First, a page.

Mexico: new SOS operation Pacific porpoise, an endangered species

Mexico: new SOS operation Pacific porpoise, an endangered species


The race against time has resumed off Mexico against the extinction of the Pacific porpoise, the world's most endangered marine mammal due to illegal fishing fueled by demand in China. 

The Mexican Navy and a boat from Sea Shepherd, an NGO supported by Leonardo Di Caprio, returned to sea in the Gulf of California on Wednesday at a “critical moment”, organizers said Thursday .

There are only about twenty individuals left in the Gulf, also called the Sea of ​​Cortes, its only sanctuary in the world, according to Sea Shepherd.

The “miracle operation” has reduced by 70% the illegal fishing of phocoena sinus, the smallest cetacean in the world (1.5 meters, 50 kilos). “It's encouraging, but we need to do better,” said Sea Shepherd Chief Pritam Singh.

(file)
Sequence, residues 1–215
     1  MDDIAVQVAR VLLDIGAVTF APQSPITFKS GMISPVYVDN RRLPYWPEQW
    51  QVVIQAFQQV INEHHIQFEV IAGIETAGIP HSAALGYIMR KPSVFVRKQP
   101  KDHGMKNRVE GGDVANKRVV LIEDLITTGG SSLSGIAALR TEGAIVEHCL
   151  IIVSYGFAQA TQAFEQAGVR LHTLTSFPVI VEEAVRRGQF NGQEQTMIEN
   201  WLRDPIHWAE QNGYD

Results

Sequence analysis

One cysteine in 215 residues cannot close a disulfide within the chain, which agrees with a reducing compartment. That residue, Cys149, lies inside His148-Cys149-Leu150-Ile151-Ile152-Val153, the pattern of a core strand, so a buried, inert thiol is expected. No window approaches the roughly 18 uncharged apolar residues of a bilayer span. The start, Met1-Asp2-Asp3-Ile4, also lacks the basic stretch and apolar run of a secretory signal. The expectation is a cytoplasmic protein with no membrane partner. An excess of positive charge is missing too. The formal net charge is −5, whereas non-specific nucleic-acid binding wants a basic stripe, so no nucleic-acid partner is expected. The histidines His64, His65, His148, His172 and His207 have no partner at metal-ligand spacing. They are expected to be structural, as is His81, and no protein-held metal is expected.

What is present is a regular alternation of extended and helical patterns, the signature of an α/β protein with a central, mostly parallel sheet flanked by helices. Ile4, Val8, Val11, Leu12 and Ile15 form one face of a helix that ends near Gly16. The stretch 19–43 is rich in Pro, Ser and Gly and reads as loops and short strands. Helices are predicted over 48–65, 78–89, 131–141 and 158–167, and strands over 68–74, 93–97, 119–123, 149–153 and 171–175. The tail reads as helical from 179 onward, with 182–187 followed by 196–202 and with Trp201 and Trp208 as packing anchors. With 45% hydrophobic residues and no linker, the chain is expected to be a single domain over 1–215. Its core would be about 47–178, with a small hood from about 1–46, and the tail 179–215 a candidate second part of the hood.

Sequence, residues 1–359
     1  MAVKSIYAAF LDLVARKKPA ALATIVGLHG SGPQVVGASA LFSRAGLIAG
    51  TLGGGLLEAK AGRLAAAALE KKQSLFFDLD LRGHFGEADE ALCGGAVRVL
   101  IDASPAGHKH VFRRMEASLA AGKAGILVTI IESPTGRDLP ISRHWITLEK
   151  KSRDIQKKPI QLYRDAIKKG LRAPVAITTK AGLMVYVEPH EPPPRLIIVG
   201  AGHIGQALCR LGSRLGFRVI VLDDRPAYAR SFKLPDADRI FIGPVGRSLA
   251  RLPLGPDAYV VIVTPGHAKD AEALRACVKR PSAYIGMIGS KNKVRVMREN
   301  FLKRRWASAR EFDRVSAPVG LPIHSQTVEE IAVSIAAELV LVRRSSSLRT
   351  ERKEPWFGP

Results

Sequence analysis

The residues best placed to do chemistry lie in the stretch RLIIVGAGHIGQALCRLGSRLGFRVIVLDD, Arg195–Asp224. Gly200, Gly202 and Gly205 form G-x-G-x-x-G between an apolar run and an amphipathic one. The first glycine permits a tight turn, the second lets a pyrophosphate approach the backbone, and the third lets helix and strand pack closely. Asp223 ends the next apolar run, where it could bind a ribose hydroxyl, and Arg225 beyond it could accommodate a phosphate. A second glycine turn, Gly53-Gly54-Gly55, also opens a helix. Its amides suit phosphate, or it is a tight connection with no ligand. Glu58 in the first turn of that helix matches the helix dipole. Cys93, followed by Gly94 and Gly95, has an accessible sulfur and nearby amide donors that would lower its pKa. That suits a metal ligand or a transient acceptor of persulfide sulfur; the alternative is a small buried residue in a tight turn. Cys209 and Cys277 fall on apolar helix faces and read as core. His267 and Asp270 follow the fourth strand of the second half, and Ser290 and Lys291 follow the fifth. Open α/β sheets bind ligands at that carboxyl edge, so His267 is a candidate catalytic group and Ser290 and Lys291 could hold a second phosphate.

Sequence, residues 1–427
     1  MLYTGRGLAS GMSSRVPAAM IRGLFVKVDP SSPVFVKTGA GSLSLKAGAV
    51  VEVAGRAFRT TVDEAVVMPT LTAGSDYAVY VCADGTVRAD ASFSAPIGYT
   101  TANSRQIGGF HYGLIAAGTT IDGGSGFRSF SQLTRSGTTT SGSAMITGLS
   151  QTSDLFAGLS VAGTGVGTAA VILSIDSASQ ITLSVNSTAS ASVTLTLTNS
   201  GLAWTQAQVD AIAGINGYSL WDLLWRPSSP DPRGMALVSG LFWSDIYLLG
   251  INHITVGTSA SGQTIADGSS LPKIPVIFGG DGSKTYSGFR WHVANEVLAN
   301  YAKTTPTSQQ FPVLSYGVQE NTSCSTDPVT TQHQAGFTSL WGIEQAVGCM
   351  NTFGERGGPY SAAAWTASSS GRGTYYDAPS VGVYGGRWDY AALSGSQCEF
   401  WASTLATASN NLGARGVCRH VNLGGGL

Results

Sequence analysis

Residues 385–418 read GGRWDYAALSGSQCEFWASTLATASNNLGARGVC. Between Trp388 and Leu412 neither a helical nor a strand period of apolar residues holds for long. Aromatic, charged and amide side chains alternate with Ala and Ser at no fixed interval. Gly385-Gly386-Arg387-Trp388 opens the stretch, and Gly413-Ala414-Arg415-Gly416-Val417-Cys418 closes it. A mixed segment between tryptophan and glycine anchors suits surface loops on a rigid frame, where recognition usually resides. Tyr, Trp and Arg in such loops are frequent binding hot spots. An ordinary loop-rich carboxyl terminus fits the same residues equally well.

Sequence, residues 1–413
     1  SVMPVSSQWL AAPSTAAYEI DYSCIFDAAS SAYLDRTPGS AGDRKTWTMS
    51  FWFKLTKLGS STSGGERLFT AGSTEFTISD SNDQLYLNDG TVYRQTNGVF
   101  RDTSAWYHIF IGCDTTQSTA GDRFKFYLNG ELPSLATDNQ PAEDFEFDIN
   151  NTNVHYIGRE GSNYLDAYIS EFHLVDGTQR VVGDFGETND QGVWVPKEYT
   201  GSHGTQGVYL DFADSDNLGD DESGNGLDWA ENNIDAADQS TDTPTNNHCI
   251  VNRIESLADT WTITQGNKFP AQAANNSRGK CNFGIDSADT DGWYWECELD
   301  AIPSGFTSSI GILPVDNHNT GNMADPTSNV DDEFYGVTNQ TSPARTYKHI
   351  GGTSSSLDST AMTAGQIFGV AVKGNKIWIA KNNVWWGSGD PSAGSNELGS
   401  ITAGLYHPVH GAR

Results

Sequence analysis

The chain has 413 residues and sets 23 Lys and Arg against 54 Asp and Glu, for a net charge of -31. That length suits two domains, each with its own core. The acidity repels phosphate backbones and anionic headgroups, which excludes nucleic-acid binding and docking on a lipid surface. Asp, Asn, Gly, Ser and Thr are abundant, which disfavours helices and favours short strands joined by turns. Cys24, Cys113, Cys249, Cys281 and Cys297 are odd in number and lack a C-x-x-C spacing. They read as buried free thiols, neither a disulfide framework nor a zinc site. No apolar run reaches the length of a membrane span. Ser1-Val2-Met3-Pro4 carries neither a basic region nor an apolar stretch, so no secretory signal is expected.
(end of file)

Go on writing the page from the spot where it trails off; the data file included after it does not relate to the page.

Known as the 'panda of the seas', the Pacific porpoise has been decimated by the nets of fishermen.

Called “vaquita marina” (“little sea cow”) in Spanish, the porpoise has been the collateral victim of the totoaba fish fishery, whose “bladder-fin” sells for up to 8,000 dollars per kilo in China due to its supposed medicinal virtues.

The “vaquita” has been considered an endangered species since 1996.

Leonardo di Caprio, actor of the film “Cosmic denial” (“Don't look up”) on the denial of climate change, produced a film on the fight against the extinction of “vaquitas” and totoabas, “Sea of ​​Shadow

“When Mexican drug cartels and Chinese traffickers join forces to poach totoaba fish, their criminal methods threaten to destroy virtually all marine life in the region,” the pitch reads. of the film.

The “Miracle Operation” was launched in 2015 to save the small, easily recognizable silver cetacean in dark circles that i surround his eyes and his mouth”.